Dotson: ‘Whiter than Snow’ a captivating dramatic tale |

Dotson: ‘Whiter than Snow’ a captivating dramatic tale

Caroline Dotson

Caroline Dotson

Sandra Dallas's newest novel, "Whiter than Snow," is just as epic as her other novels. Dallas stays true to telling stories of small towns and families coming together during times of tragedy.

In "Whiter than Snow," nine children are buried during a devastating avalanche in the fictional mining town of Swandyce, Colo., in 1920. The lives of the families involved individually unfold through each chapter, and during the avalanche rescue efforts, the people's differences are put aside and a community is formed.

The quiet mine manager's wife, Grace, opens up her house — after her son is found alive — as a hospital or morgue to the children and their families as the avalanche cuts the town's population in half.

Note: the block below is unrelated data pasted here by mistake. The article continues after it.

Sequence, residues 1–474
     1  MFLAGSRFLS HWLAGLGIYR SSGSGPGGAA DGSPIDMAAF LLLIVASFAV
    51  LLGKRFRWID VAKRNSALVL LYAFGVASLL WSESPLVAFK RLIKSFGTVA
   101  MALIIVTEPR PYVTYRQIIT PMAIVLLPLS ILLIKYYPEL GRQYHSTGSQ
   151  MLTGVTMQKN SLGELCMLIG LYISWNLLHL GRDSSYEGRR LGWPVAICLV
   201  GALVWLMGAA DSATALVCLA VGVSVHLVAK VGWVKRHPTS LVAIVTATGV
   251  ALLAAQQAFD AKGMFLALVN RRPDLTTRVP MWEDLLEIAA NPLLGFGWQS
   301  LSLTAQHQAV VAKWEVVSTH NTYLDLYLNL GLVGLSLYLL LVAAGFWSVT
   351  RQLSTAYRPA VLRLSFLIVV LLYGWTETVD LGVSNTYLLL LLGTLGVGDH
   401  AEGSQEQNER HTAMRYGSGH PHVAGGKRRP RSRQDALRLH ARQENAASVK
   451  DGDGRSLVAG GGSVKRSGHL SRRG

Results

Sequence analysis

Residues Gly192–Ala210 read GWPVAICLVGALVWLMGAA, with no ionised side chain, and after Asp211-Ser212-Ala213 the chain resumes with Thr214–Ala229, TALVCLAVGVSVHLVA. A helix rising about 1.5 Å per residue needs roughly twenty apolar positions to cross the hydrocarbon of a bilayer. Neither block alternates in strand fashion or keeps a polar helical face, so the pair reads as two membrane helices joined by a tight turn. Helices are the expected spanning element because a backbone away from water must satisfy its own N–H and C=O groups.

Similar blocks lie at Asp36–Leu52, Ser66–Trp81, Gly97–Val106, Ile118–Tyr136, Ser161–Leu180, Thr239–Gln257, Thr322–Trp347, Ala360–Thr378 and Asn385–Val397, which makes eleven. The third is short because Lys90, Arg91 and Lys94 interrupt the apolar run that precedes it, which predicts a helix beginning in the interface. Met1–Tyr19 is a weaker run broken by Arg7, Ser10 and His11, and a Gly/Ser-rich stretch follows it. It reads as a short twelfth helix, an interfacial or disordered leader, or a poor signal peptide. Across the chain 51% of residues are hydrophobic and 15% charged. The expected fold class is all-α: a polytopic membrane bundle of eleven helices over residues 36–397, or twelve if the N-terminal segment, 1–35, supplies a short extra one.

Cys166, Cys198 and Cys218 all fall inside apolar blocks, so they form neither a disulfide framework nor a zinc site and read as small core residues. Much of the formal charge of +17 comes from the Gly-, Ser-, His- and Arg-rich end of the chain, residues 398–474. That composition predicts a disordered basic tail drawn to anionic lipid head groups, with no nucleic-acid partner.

Two sisters, Dolly and Lucy, separated for years due to the cowardice of a man, are now able to reunite, but not until one sister loses two of her three children in the avalanche.

A man, Minder, who was a soldier for the Confederate side of the Civil War, befriends a black man, Joe, and a prostitute, Essie, after none of their children are found alive in the avalanche.

The sad circumstances of this story may come off like "Whiter than Snow" is a depressing tale.

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However, Dallas does a great job of introducing each individual life story before the tragedy of the avalanche. This allows the reader to become attached to each individual child and root for them as the miners put forth amazing efforts to find the children in the snow.

For more than 15 years, Dallas has been writing novels using mysterious events to tell the main story, enticing the reader.

I love how Dallas uses smaller stories to get to the meat of the story, and how she takes time developing the characters so readers are emotionally connected to them by the final chapter.

As long as Dallas continues to write fabulous novels in her unique way, I will look forward to reading and writing about them.

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